Brian Wilson Grapples With the Voices in His Head in an Excerpt From I Am Brian Wilson

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Photo: Courtesy of Brian Wilson

At one point in his new memoir, I Am Brian Wilson, the music legend writes, “People can survive everything best if they remember who they were.”

I Am Brian Wilson is one such remembrance in all its ragged glory. In Wilson’s own words, genius and madness go hand in hand, often on the same page. The Beach Boys leader’s story is well told by now, but reading his often blunt retelling is harrowing, especially as he describes years swaddled in drugs and alcohol, and controlled by the notorious Dr. Landy. But as much as the book delves behind the so-called madman, it also gets behind the genius. Wilson and writer Ben Greenman lay the story out simply and with limited sensationalism, including fascinating sections where Wilson recounts his creative process and the work behind so many classic songs.

The final chapter was written earlier this year and is entitled "Today!," with the exclamation point marking the positivity — nagging internal voices, self-doubt, and even depression notwithstanding — with which Wilson now lives. It's a far cry from the bleak introduction, "Overture" (excerpted below), which Wilson opens with a scene from 2004, at London’s Royal Festival Hall on the city's South Bank, where he’s about to perform SMiLE, the album that was left unfinished for some 40 years as Wilson unraveled. We are introduced to the madness and the threatening voices, and his thoughts dive back to the “year of everything": 1964.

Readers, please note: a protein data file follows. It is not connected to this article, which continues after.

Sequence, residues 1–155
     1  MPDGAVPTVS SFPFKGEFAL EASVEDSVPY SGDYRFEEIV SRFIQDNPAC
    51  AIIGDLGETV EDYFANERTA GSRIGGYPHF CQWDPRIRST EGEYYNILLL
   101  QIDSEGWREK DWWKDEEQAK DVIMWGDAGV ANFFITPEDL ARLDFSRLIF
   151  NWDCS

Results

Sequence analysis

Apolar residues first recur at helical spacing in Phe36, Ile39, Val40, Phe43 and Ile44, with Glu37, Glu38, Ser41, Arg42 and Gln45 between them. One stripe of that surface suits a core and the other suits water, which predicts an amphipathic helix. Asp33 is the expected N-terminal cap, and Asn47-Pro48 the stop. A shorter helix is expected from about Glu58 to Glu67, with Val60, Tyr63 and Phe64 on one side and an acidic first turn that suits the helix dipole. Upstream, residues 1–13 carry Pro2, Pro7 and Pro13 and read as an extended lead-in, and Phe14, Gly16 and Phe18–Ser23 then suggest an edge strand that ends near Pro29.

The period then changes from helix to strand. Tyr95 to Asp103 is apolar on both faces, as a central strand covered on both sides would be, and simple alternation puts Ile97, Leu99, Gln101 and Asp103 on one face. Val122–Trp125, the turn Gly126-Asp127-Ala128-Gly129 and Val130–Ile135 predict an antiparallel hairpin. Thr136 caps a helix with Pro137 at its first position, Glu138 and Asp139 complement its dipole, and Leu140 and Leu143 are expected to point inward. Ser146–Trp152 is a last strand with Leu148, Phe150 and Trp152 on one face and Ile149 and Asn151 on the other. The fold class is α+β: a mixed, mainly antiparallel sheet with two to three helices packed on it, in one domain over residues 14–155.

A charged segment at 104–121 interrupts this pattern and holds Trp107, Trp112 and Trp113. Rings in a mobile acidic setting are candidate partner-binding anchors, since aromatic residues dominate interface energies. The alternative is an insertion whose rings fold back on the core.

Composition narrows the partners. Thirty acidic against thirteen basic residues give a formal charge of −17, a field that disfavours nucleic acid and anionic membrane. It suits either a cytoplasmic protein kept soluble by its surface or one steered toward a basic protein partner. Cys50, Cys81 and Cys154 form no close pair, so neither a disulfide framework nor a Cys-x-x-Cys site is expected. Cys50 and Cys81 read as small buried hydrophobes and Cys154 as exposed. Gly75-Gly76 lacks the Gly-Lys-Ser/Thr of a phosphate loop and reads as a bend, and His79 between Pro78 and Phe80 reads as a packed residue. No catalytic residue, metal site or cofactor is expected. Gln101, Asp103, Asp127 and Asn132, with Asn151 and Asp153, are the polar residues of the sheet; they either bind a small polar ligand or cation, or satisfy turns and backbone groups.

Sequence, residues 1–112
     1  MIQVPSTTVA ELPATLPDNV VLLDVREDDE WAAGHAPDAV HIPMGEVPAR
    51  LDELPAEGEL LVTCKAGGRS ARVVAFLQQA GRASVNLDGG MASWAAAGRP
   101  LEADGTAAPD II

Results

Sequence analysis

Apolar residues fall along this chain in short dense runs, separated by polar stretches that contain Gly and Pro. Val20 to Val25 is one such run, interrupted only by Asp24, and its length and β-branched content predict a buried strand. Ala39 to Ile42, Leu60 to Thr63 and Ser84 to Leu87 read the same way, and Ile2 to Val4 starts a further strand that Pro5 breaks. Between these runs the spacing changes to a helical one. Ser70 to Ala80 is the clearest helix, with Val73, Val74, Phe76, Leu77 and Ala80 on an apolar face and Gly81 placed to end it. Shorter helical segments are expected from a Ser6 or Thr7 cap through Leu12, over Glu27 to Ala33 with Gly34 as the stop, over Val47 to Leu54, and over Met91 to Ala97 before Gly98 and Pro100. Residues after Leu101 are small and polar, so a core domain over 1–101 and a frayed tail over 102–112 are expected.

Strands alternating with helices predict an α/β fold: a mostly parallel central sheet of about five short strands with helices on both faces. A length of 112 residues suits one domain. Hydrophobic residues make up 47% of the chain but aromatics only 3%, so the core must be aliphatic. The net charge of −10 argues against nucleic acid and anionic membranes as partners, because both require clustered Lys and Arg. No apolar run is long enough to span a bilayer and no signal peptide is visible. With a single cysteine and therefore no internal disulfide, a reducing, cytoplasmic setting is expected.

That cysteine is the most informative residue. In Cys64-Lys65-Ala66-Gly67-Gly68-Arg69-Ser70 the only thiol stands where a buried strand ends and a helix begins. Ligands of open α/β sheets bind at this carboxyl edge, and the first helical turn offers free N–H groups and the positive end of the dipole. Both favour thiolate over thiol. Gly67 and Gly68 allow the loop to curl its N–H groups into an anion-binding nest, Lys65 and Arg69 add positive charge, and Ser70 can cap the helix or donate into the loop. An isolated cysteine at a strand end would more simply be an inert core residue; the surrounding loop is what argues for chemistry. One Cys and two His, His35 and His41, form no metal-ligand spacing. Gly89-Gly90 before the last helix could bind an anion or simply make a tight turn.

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OVERTURE

ROYAL FESTIVAL HALL, LONDON, 2004

It’s been hard and it’s been easy. Mostly, it’s been both. My friend Danny Hutton from Three Dog Night recorded a song, “Easy to Be Hard,” that I sing to myself in my head sometimes: It’s easy to be hard, it’s easy to be cold. It’s cold now. It’s the winter of 2004 in London, and I’m getting ready to go onstage at the Royal Festival Hall. Some of the songs I’ll be singing are about the sun and the beach. There’s not much of either of those in London right now. But there’s water—the Royal Festival Hall is right on the river—and some of the songs are about that.

When I got here I was walking around and heard someone mention that the hall was originally  built in 1949 but redone  in the fall of 1964. That was a big year, 1964. It was the year of everything. The Beach Boys toured around the world. We were in Australia in January with Roy Orbison and all over the United States in July. They called that tour Summer Safari, and we played with people like Freddy Cannon and the Kingsmen. When we weren’t touring, we were recording: “Fun, Fun, Fun” and “The Warmth of the Sun” at the beginning of the year, “Kiss Me, Baby” at the end of the year, and more songs than you can count in between. We put out four records—three studio albums (including a Christmas one) and a live album. And that was on the heels of 1963, which was almost as busy—three albums and constant touring, too.